Our Lord Jesus Christ the King – A

21-23 November 2014

Homily of the Apostolic Nuncio
His Grace Archbishop Petar Rajič

Ez 34:11-12,15-17; 1 Cor 15:20-26,28; Mt 25:31-46

With today’s solemnity of Christ the King, we conclude our liturgical year, while next week we will commence a new cycle with the first Sunday of Advent.

Final judgment. The theme of today’s gospel message is that of the final judgment. Jesus refers here to his second coming, which shall be at the end of time, when he as the King of all creation and the universe will finally establish his Kingdom. When this will happen and in what way, remains unknown to us. What we do know however, is that in the meantime we have our lives to live and that one day we shall die and pass from this world and come before God. That moment will be our personal encounter with Christ the Lord, who will judge us according to the way we lived our lives.

Jesus’ fundamental rule. Jesus mentions the fundamental rule that he will use in bringing judgment upon us. This is found in the simple sentence: Amen, I say to you, whatever you did for one of the least brothers of mine, you did for me. Jesus here binds himself to the poor, the suffering, to the least of the world and calls them brothers. For God, heaven is comprised of the unfortunate, the humble, the materially poor and those poor in spirit. God does not distance himself from them, but in effect is very close to them, and those who wish to be close to God and reach his company, must necessarily be close to these poor and humble brothers of God, who are amongst us. There are many opportunities for us to do good towards others and we cannot avoid them in our lives if we want to be true followers of Christ who though he was rich, yet for your sake he became poor, so that by his poverty you might become rich (2 Cor 8:9).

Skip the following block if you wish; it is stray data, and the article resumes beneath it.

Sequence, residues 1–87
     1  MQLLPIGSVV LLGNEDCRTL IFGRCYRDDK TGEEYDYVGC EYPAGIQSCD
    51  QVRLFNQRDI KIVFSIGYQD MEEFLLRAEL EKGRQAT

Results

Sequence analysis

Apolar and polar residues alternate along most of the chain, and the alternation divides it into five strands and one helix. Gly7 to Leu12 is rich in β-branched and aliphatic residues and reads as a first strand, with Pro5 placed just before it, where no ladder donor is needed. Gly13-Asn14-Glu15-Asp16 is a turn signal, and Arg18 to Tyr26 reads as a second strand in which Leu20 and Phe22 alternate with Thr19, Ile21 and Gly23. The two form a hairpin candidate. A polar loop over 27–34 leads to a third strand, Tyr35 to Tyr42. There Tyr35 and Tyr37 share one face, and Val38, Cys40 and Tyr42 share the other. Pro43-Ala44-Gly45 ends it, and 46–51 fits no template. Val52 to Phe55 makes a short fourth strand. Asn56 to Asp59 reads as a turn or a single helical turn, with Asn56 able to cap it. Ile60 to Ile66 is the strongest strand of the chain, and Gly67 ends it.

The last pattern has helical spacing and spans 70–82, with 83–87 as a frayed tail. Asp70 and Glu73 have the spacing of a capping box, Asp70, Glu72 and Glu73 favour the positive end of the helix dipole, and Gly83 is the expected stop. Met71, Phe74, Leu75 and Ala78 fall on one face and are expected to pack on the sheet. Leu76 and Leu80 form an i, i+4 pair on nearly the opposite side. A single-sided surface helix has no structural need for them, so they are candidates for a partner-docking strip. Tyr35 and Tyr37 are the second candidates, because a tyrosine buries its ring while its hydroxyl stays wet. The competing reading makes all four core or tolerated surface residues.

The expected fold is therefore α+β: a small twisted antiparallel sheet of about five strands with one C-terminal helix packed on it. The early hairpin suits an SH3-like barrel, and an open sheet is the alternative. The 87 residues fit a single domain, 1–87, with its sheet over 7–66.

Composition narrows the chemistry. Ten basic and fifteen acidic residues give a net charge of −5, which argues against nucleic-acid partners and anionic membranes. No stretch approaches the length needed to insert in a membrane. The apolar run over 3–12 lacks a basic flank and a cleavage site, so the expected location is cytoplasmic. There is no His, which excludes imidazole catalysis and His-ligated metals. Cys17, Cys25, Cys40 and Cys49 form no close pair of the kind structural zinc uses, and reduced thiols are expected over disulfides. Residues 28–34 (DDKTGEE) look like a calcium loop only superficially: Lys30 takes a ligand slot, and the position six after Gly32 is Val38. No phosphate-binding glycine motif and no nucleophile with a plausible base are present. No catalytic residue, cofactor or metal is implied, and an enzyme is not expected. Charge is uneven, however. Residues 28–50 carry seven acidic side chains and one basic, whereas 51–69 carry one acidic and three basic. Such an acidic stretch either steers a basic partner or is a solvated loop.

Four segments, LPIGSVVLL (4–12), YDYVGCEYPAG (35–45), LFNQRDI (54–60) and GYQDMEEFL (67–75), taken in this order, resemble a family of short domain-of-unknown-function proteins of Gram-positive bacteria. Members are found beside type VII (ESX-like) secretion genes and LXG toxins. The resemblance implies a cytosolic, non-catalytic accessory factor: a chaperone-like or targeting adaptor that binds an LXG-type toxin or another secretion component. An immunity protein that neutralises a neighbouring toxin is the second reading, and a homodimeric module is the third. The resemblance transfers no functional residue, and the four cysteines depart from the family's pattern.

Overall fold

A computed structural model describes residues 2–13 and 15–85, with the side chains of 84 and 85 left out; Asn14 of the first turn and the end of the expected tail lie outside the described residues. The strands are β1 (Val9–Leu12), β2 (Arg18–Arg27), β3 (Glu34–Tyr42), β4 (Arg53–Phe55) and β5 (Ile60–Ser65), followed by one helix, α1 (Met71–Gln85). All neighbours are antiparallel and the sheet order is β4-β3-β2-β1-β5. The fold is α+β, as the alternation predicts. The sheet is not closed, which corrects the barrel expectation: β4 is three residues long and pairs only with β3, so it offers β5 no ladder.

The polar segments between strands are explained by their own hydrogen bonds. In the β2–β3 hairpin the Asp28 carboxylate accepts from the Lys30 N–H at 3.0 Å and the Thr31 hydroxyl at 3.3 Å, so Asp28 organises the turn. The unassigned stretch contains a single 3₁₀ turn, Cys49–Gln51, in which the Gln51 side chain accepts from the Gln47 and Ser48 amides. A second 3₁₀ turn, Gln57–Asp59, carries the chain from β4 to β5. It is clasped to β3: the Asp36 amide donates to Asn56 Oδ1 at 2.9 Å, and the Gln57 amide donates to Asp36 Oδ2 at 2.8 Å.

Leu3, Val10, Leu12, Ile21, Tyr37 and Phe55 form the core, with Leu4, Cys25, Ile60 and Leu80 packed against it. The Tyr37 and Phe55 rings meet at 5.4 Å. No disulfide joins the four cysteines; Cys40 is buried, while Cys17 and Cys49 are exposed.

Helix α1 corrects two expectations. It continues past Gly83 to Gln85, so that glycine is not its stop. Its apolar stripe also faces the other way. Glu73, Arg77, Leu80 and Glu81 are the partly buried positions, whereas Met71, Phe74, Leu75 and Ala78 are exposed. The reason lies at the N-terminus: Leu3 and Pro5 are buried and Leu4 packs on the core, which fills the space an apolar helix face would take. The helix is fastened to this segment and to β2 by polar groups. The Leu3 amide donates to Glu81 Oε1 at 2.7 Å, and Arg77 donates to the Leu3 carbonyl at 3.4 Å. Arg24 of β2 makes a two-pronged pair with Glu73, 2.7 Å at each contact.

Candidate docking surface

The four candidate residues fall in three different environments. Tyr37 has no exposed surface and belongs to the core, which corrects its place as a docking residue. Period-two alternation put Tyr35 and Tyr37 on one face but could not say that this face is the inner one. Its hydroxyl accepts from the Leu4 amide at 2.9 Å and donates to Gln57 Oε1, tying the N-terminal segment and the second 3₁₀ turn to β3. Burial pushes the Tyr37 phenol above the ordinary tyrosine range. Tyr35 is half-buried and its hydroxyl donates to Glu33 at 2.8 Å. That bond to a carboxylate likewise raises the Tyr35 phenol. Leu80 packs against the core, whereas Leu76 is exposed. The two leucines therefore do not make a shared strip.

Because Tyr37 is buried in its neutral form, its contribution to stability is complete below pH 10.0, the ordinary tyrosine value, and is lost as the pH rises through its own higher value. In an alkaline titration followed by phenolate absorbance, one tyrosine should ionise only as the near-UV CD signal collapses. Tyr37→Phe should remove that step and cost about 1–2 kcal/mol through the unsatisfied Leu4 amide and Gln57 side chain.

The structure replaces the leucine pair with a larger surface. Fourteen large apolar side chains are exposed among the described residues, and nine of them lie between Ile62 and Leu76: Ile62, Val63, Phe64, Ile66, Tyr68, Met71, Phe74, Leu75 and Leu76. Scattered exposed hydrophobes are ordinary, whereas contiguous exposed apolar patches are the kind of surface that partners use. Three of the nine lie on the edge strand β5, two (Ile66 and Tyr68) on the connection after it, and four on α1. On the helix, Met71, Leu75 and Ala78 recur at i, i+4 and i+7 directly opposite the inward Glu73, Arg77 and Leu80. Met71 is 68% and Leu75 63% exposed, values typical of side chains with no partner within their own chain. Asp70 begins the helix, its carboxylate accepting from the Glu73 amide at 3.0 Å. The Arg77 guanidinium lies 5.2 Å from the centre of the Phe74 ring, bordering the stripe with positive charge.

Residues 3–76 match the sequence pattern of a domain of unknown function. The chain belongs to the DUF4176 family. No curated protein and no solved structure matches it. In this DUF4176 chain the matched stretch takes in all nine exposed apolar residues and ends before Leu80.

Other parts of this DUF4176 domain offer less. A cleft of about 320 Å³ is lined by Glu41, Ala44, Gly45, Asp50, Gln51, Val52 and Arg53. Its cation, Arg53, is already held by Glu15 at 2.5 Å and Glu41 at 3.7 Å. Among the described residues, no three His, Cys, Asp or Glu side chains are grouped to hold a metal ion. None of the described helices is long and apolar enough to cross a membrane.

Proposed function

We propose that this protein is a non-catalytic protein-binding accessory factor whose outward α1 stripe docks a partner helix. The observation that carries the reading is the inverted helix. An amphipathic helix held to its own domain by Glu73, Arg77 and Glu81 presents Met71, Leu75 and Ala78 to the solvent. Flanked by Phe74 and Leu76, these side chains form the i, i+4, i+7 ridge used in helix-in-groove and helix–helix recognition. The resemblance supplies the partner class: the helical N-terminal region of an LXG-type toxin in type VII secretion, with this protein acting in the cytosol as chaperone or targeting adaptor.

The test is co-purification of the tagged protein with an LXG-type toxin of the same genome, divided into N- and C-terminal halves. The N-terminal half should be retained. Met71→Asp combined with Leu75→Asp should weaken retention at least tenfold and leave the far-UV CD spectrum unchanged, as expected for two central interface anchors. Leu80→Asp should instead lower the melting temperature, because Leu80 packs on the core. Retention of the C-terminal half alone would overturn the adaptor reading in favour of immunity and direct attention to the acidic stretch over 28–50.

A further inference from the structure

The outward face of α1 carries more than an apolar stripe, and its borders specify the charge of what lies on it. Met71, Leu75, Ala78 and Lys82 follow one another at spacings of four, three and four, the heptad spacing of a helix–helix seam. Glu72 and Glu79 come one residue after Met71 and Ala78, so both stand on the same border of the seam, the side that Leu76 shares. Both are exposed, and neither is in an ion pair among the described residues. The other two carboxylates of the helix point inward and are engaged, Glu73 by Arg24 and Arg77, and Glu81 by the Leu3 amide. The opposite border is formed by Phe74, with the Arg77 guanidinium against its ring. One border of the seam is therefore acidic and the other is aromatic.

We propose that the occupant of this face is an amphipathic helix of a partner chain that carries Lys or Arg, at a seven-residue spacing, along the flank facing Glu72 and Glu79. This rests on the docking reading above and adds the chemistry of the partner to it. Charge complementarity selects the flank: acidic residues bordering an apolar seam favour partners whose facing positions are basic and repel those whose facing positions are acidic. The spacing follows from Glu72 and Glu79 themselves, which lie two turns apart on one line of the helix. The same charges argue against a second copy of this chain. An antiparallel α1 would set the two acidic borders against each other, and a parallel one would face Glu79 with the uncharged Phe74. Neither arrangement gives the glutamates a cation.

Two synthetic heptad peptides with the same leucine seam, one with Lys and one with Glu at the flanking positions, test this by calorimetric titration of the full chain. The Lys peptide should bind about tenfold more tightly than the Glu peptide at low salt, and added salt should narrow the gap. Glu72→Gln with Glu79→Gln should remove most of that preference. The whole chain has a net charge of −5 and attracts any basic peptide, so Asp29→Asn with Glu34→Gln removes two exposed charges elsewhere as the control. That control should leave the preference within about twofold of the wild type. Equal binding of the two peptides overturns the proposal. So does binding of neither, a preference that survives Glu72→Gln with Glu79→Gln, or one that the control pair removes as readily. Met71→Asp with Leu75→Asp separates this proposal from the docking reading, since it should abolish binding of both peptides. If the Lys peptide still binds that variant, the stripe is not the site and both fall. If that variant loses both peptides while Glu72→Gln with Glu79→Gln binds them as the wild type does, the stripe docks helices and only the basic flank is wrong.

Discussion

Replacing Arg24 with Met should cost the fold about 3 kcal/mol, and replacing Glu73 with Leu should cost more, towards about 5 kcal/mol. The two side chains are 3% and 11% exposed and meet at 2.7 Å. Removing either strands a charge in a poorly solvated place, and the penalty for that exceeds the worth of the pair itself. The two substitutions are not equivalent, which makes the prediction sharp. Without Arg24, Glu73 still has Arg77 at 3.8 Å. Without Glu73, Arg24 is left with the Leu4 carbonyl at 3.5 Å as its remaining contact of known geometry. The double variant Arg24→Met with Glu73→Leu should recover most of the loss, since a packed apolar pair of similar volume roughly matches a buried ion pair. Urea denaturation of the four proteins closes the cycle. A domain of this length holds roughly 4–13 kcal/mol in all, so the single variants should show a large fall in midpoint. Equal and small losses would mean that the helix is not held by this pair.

A old Hassidic teaching reminds us that if a man asks for your help do not respond devotedly to him by saying go ask God for help, trust in him and offer your worries up to him, but rather, act as if there were no God and as if there were no one else in the world to help this man, except you! It is exactly in this type of approach towards those less fortunate than us where we can experience the true meaning of the gospel message and its power.

God’s criteria for judgment. The wonderful thing about this particular gospel message regarding the final judgment is that the criteria that the Lord will use in judging us will not based solely on the things we have done wrong, our sins and failures. Instead, we will be judged primarily according to the goodness to others we have shown in our lives. The Lord will not look so much directly at us as he will at those around us whose lives we have touched. And this, by providing food for them when they were hungry, taking them into our homes when they needed shelter, offering money to assist them with their debts, wiping away their tears and consoling them, encouraging those without hope to believe in God, reconciling those at enmity with each other and forgiving those that have done us harm. God will not go out searching for our weaknesses in order to punish us, but rather wants to see the good that we are capable of doing. There is no reason therefore to fear that God will punish us for all our sins, for he has forgiven us in Christ and we need not be afraid of our own human weaknesses, but we should be more concerned about how we have reacted to human need around us.